In order to avoid a real post today (while I’m trying to figure out if I’m getting “dopey” from my increased dosage, as I’m told that’s a common side effect of this medication), I’m going to take part in The Broke and the Bookish‘s Top Ten Tuesdays blog hop today. (This means I don’t have to come up with a non-pre-planned post until Friday! Yay!)
- The Greeks and Greek Love by James Davidson. I read a few sections of this during the Fall semester for my final paper (the chapter on Achilles, and a few other bits, somewhat randomly) and now I’m reading the rest because…because. Most books on ancient Greek society these days are still filtering their analysis of the Greek attitudes towards sexuality through Dover’s Greek Homosexuality, despite that its treatment of the subject doesn’t actually make any sense when compared with the original source material, but this book is trying to fix that problem. (I.E., this book actually makes sense! And it treats the ancient Greeks as people, who did things for human reasons, which varied from person to person and place to place, even if they did fall into a number of categories.) On top of the fact that this book will be very important to my thesis, it’s also really entertaining reading, as Davidson’s writing style is light and witty (which cannot always be said for non-fiction books!).
- Tales of Superhuman Powers: 55 Traditional Stories from Around the World by Csenge Virag Zalka. I’ve already read some of the stories, and they’re delightfully told. It’s on my Kindle app on my iPad, though, so it’s a little less convenient to read. I was just thinking “take up less space in my house” and wasn’t thinking “I’ll forget it’s there” when I bought it. 😦 I’d have already finished it by now if I’d bought the paperback…
- The Scarlet Sisters: Sex, Suffrage and Scandal in the Gilded Age by Myra MacPherson. Since this is a paperback book, I’m reading it in the bath when I don’t have new volumes of manga to read. (What? I like to spend a long time soaking in the bath, but that’s boring if I don’t have something to read, and I don’t like to risk a hardback! What’s wrong with that?) It’s a really interesting biography of two sisters that I can’t believe I had never heard of before! I’ll probably do a post about it when I finish reading it. (The same applies to…actually, probably to most of the books on the list, really…)
- Whores, Harlots and Wanton Women by Petrina Brown. I’ve gotta know if I was right or wrong to buy it. Besides, there’s no reviews on Amazon, and I want to add one.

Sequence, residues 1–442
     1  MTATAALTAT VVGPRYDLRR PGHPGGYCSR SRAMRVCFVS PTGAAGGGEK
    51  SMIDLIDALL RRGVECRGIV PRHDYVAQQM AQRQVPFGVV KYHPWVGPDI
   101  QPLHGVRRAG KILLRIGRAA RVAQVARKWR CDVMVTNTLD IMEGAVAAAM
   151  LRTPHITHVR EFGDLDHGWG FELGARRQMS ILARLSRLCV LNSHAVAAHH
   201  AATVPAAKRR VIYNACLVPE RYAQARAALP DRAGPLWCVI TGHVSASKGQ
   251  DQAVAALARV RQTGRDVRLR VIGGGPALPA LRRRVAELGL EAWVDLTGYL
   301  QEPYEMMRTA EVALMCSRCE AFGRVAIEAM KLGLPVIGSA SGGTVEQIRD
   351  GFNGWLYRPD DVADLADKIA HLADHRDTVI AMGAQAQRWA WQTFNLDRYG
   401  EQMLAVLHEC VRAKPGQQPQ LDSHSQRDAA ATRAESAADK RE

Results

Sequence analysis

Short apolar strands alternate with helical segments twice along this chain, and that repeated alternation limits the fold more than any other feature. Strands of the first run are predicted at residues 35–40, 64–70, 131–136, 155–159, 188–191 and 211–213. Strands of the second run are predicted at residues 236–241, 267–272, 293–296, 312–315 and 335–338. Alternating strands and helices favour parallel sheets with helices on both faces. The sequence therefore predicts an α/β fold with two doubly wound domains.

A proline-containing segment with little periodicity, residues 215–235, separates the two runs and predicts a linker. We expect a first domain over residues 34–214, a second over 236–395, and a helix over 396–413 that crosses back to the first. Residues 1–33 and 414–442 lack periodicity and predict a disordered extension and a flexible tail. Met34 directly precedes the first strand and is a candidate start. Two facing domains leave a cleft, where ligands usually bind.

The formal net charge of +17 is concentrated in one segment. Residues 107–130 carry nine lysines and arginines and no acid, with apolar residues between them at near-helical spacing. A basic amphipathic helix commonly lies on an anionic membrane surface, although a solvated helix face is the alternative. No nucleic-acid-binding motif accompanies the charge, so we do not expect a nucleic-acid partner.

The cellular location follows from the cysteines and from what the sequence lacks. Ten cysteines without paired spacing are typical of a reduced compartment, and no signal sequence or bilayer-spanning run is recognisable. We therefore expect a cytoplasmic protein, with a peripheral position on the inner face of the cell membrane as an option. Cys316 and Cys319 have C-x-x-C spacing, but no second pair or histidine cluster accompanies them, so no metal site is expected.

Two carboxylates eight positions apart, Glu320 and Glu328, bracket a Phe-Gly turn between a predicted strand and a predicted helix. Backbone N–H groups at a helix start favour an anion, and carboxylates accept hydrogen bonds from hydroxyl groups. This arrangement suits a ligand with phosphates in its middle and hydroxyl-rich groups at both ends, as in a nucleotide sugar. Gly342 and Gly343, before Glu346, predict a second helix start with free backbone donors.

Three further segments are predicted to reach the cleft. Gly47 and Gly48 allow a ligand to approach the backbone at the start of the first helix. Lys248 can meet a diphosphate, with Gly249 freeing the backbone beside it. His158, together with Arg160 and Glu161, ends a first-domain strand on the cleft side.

- The Death and Afterlife of Achilles by Jonathon S. Burgess. The title says it all as to why I’ve gotta read it.
- Alice in the Country of Diamonds: Bet on my Heart by Sana Shirakawa and Nana Fumitsuki. A light novel based on the otome game Alice in the Country of Diamonds. (For those not in the know, “otome games” are, uh, how do I describe them? To call them “dating games for girls” would not be accurate, but…uh, they’re like choose-your-own-adventure novels, with pictures and sound, many fewer choices, and the idea of the game is to get the heroine into a relationship with one of the handsome young men surrounding her. In the Alice series, they’re very loosely based on Alice in Wonderland, obviously, but it’s a twisted version where everyone carries guns, treats life as literally disposable and replaceable (except Alice’s) and it’s surprisingly bloody, which is what makes it work.) I put it on this list primarily so that there would be a work of fiction on here. (But it really is on my bookshelf waiting to be read! I mistook it for a large volume of manga when I bought it…)
- Laughter in Ancient Rome: On Joking, Tickling, and Cracking Up by Mary Beard.
- Barbarians: An Alternative Roman History by Terry Jones and Alan Ereira. I want to read this one close to the end of the summer, since I’ll be taking a class on the Fall of the Roman Republic in the Fall semester (ooh, that’s a appropriate!) but since it’s a paperback, I may end up getting to it sooner than that.
- The Lost Book of Alexander the Great by Andrew Young. Just picked this one up, but it looks interesting. He’s tried to piece together what was in Ptolemy’s history of Alexander.
- Njal’s Saga.
Of course, given the length of some of these books (particularly the first one), I doubt I’ll get through all of them. I’ll be lucky to get through half of them. Depending on how soon Fantasy Life gets its tentacles out of my life. And how the various games in my backlog treat me, and if I ever get over my writers’ block, and if I can ever get off my lazy rear end and start cleaning my house, and…yeah, lots of factors.